Articles College

What’s Next for Your College Student

NextStep’s One-On-One Coaching During the College Years Helps Them Land a Dream Job

by Karyn Brodsky

Congratulations, parents! Your students’ hard work and involvement, plus your efforts, prodding and emptying of your bank account helped them gain admittance to the college of their dreams. But what about the ultimate goal of obtaining a college degree? What about finding a job?

According to Tim Niermeyer, co-owner of NextStep College to Career Coaching, “The days of graduating and then finding a job are over. You have to hone your skills while in college.” He and business partner, Steve Longo coach students individually with resume writing assistance, polishing interview skills, networking and more, with the end goal of helping them land a job and start their careers. “As parents, we make an enormous effort and spend a lot of money on tutors, extracurricular activities and test score improvement programs to help our kids get into college, but we fail to provide them with the tools and skills necessary to be employed after college,” says Longo.

Statistics back Longo’s assertion. Recent data says that around one third of all college educated Americans are never able to find employment in the field they have earned a degree in—and that’s something that needs to change. In fact, Longo notes 72% of kids never visit their college’s career center. “Even if they do visit, on average there is one staff member per 1000 students,” he says. “That’s the equivalent of one, one-hour meeting during their entire four years on campus.”

Niermeyer and Longo come from different backgrounds, but both note that many of today’s students are lacking basic job search skills and the essentials of forging a successful career. During his years as a college recruiter for a Fortune 500 company, Niermeyer saw firsthand that a gap exists in most students’ resume building, interviewing, communication and follow-up skills. He partnered with Longo, a long-time entrepreneur and sales professional, to try to fill this gap with NextStep, their one-on-one coaching business.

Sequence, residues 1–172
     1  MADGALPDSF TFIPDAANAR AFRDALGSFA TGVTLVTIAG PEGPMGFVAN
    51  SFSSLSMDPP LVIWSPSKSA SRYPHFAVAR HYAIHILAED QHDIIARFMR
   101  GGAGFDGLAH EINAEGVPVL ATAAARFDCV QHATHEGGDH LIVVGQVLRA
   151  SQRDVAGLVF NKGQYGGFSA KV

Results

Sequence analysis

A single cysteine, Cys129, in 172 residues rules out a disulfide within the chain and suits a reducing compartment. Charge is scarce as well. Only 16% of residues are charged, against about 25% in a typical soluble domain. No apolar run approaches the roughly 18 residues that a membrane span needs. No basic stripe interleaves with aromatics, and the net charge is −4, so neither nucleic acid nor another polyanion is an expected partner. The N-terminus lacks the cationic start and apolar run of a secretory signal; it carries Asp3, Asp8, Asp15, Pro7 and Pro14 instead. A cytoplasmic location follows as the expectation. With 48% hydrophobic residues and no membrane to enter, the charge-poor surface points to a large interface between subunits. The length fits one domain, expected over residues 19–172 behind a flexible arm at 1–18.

The team meets primarily with college freshmen through seniors, though will occasionally coach someone after graduation who is still seeking employment. They meet face-to-face, by phone, via emails or texts, and even conduct Skype sessions for students who are away at school. “We respect our client’s time, and we’re flexible with communication,” says Niermeyer. “We speak to the client at least once every other week.”

“We hold the kids accountable and show them how they can be successful in the process,” adds Longo. “When we work one-on-one, we see the transition. It’s very rewarding to see their confidence grow.”

While Longo and Niermeyer don’t involve parents in the coaching—most kids will listen better to someone who is not their parent—they do provide a tracker of the student’s progress so parents can be supportive and will reach out if the student is unresponsive to assignments.

In a relatively short period of time, NextStep has chalked up a multitude of success stories and helped many college students find their dream job. So what’s next for NextStep? “We hope that in the near future companies will say, ‘Send me one of those NextStep kids,’” says Niermeyer. “That would be the ultimate payoff for us.”

For more information, visit www.nextstepc2c.com or call 972.767.6412.

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